Wednesday, 14 May 2008


As will be obvious from my half-hearted and rather superficial post about Frank Field on Monday, I am currently enjoying a break. Though I had good intentions to maintain a daily blog and could easily do so given that I have wi-fi access in my hotel, I just haven't been able to motivate myself to do it.

In fact, I'm going to indulge in this mesmerising city, Istanbul instead of writing about how Hillary Clinton's win in West Virginia changes nothing or how it is fascinating that Obama has moved his campaign to general election footing signalled by his decision to speak in the swing state of Missouri rather than West Virginia last night or how the draft Queen's speech contains some really good measures not least a cheeky little proposal on buying up surplus housing for redistribution or the welfare reform measures and a strong idea on the introduction of an NHS constitution.

The reason I'm here is quite simple. Orhan Pamuk. I've been a fan of his writing for some time (I would particularly recommend 'Snow' and 'My Name is Red') and his 'Istanbul: memories and the city' has been on my bookshelf for a while. Cheesy but what better than to read it in Istanbul?

The threads of Turkey's identity crisis, East and West, Kemalist and Ottoman, flow through Pamuk's literature just as the Bosphorus and Sea of Marmara collide and separate in Istanbul. In 'Istanbul', Pamuk becomes curator, poet, archivist, social historian, and autobiographer. Istanbul becomes his history, his canvas, his personality. Like Hugo, Dickens, and Joyce before him he allows himself to be defined by a city and in turn hooks us into accompanying him on an archaeological dig of the soul of place.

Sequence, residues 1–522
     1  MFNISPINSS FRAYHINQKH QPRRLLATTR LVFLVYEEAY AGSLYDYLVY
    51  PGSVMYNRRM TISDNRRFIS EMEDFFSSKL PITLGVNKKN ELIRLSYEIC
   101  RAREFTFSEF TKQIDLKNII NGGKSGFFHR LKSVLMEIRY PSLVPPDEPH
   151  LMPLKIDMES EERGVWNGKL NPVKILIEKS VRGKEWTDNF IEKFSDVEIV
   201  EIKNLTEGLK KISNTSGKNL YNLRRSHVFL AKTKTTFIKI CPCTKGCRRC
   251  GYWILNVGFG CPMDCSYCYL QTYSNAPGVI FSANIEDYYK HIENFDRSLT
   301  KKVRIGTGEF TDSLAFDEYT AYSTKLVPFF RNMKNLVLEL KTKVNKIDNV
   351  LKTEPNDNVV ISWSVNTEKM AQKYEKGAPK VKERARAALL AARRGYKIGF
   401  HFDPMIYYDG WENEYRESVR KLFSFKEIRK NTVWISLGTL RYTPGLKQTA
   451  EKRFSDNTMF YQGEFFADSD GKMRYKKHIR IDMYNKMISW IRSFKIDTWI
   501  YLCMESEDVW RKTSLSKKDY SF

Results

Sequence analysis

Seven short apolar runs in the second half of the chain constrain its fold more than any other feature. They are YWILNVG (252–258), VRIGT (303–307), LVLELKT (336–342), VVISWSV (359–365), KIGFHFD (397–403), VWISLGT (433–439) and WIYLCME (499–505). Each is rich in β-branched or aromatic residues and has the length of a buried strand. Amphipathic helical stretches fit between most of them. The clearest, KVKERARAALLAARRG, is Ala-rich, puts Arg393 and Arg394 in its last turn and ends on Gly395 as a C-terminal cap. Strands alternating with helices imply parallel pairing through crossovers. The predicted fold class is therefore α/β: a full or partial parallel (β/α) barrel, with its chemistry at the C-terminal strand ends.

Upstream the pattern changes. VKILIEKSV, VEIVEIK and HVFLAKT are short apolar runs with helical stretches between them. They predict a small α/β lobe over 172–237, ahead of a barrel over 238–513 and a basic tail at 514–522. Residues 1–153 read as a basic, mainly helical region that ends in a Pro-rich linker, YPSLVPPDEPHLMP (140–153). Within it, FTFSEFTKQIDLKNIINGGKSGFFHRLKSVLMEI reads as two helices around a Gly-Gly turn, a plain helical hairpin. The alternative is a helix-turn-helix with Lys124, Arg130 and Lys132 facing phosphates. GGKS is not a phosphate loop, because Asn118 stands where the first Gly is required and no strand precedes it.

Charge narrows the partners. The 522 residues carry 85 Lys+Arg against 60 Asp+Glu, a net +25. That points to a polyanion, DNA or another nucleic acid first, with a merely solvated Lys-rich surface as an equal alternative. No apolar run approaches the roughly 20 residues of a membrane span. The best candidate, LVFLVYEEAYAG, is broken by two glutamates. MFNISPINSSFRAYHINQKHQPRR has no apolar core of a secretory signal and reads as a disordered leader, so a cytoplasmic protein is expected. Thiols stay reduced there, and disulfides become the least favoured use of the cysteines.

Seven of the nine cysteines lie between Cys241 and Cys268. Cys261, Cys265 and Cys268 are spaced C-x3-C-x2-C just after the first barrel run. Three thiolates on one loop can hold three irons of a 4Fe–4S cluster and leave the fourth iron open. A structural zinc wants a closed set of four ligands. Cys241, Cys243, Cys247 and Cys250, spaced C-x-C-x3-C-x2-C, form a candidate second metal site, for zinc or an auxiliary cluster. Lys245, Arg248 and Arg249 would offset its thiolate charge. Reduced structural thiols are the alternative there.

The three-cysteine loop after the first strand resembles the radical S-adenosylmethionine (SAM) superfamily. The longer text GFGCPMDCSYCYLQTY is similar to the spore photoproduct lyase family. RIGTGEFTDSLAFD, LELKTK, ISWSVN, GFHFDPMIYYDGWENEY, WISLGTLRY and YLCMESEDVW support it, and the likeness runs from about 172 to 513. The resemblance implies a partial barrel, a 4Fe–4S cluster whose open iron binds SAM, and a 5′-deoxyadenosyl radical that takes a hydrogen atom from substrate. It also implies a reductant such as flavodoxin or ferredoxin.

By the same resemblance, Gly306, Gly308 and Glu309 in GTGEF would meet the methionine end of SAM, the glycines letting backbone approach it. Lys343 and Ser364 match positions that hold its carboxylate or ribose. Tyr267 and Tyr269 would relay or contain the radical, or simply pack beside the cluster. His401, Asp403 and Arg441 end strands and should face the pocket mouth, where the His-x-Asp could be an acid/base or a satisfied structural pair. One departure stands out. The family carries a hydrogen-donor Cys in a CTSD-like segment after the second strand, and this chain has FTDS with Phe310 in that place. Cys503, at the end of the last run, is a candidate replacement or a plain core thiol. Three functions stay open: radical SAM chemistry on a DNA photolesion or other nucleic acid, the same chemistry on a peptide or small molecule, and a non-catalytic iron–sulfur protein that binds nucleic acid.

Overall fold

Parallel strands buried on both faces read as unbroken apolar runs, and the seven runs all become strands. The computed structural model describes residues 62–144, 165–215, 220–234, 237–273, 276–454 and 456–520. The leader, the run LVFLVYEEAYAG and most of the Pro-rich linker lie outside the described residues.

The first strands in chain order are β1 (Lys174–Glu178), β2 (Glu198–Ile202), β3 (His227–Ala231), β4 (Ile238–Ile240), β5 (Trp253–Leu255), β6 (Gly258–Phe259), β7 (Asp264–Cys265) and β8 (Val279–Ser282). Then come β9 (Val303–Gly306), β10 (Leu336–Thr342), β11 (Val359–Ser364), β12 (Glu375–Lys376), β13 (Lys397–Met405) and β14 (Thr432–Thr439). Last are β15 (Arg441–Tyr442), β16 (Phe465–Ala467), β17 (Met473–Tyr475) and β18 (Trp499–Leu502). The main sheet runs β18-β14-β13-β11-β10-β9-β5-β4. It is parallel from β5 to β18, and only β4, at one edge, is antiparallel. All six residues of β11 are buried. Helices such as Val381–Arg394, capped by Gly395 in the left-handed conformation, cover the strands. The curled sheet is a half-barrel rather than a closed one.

Pamuk's personal history and that of his family has an uncanny entanglement with that of his subject. His family's fortunes turn upon the death of his paternal Grandfather, a 'magnificent man', whose fortunes are frittered away by the hopelessness of his father and uncle's business acumen. A decaying family fortune reflects the decaying seat of the Ottoman empire, a city neglected, bellowing up nothing but darkness and painful memories of past greatness.

He never met his Grandfather just as he never saw Sultanate Istanbul, but each is omnipresent in his upbringing. His Grandmother, wise and charismatic, never surfaces until after midday, rarely leaves the family home, waiting for their family greatness to return (she sees omens of this in little Orhan, the 'crow') and Istanbul is gripped by huzun, a kind of collective melancholy induced by dispossessed greatness, power, and wealth.

The embers of this melancholic shabbiness remain in modern Istanbul but this is not the same city that Pamuk grew up in. It had just about reached a population of a million when Pamuk began school, its population now stands at ten million. The old city, Pera, and Bosphorus communities have been swallowed in mass migration and development. Romantic as the crossing from the West to the Asian side sounds, the Asian side is nothing of the sort. Rather it is a sea of modernist medium rise tower blocks. Rather than a bridge from West to East or vice versa, the trip across the Bosphorus is more akin to crossing from 1920 to 1965.